Our bird recording expert has been out exploring with notepad and pencil again, updating the list in respect of the birds who visit or reside at Compton Verney.
Whilst spotting, recording and snapping appears to be a simple process, I can testify personally to many failed attempts at capturing bird images, that’s why I share so many pictures of flowers and bees – they generally do stay in one place long enough for me to focus!
Alwyn has been recording at Compton Verney and nearby for many years now, and his knowledge of the preferred hunting ground for any given species, coupled with quick recognition of a bird in flight, and of course their bird song, means he is often in the right place at the right time. Even with this advantage however, it is still difficult to capture good images whilst out roving and recording. He manages to do it however, frequently, and I’m glad to share a few more example here. Enjoy!
More grounds images can be seen via the link to C V Grounds tag board – #CVGrounds
Blue tit clinging to a tree in the Ice House Coppice, a woodland garden area at Compton Verney. © Compton Verney/Alwyn Knapton 2015
We have been extra busy bees at Compton Verney this last year, enriching a large area usually referred to as the west lawn. A large part of the lawn has been managed for wild flowers for a handful of years now, and although there were flushes of brilliance, the cowslips in particular giving a good show; the lawn was some way from becoming a wild flower meadow feature.
In 2014 however,an opportunity presented itself during planning for the 2015 summer exhibition titled ‘The Arts and Crafts House: Then and Now’. That opportunity Continue reading
A short and sweet post today with an image or two of some Great Spotted Woodpeckers (and more!) from the #CVGrounds team at Compton Verney.
© Alwyn Knapton/Compton Verney 2015
Have you signed up for the 30 Days Wild challenge from the Wildlife Trusts? If so then you might like to hear of an evening wildlife event at Compton Verney that would certainly qualify as a random act of wildness!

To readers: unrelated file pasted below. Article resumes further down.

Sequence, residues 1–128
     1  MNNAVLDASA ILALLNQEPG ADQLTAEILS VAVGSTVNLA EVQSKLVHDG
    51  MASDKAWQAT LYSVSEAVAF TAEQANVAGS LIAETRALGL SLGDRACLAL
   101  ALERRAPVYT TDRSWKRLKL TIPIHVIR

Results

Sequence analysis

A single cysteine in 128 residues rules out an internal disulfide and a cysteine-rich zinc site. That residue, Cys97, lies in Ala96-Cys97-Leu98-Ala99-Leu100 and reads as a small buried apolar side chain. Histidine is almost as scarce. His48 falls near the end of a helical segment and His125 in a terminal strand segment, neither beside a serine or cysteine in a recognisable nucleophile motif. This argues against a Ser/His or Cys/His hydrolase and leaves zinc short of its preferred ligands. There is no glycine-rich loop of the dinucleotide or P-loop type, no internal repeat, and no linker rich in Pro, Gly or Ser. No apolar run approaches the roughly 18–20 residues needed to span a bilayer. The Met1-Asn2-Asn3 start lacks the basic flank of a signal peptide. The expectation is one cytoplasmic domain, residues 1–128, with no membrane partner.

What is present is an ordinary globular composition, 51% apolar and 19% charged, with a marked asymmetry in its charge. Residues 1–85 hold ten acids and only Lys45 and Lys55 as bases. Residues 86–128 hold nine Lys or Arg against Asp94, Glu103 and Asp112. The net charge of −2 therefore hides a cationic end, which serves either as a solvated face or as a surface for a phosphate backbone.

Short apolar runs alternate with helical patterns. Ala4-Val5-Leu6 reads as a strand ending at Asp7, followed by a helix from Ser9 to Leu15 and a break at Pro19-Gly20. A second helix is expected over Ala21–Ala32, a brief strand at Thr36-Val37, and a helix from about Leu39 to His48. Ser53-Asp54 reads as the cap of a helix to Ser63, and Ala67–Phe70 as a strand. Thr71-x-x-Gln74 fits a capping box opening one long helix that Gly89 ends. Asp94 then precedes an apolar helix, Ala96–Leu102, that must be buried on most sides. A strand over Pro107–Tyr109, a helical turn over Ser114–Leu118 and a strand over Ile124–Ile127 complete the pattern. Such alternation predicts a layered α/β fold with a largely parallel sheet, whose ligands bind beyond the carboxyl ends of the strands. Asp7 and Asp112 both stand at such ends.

As part of the Park Life! season at Compton Verney, we’re hosting a new evening event next week:
Moths: Butterflies of the Night
9 June 2015 7.30pm
A new nature-watch event. Arthur Owens gives a short talk and leads a night walk to discover the beautiful world of these fascinating insects. Please wear appropriate outdoor clothing.
Advance booking required, call 01926 645 500 for tickets. or look to Website for more information.
£10, Concs £7.50, Members £7.50.
Interested in Wildlife but never have time to do anything about it?
Well there’s a challenge from the Wildlife Trusts that make it easier than ever before to engage with wildlife this June – 30 Days Wild.
As the Wildlife Trust says:
“Make room for nature this June – no matter where you are or how busy your life! Make this the month when you do something wild every day – and let us motivate you! When you sign up to our challenge, we’ll send you a pack full of encouragement, ideas and Random Acts of Wildness. You’ll also receive a funky wallchart to track your progress, a wild badge, and regular blasts of inspiration throughout June straight to your inbox to help you
make nature part of your life.”
I have signed up as an individual, printed my calendar and have started at Compton Verney today with my first random act of wildness – a ten minute walk amongst meadow flowers with my camera. For the rest of June I’ll continue with my daily acts of wildness and will tweet my progress using the hashtag #30DaysWild – and of course #CVGrounds if my random act of wildness is at Compton Verney.
If you’re interested in signing up to the challenge there’s a host of opportunity for random acts of wildness both locally and if you visit the landscape at Compton Verney – hug a veteran tree, listen to the birdsong in the coppice, create natural art at Nature’s Art Box or study lichen on the ornamental bridge. Go on, follow the link and give it a try… 30 Days Wild
Gary Webb, Head of Landscape & Gardens at Compton Verney.
A quick post today after receipt of some images from Alwyn, our resident bird spotter.
As part of an outreach project we recently welcomed a group of youngsters to site who were immersed in Compton Verney life for a twenty-four hour period – amongst other things this included a camping experience and bird ringing exercise led by Dr Andrew Gosler, university research lecturer in ornithology and conservation at Oxford University. Continue reading
We’ve had a few questions about the honey bees at Compton Verney lately, particularly about their condition post winter. Rod has kindly put a few words together as an update, although at this extra busy time of year I’m over a week late posting this to the blog… Please keep this in mind when reading!
Bees active at Compton Verney. © Compton Verney 2015
Spring Update – by Rod Oates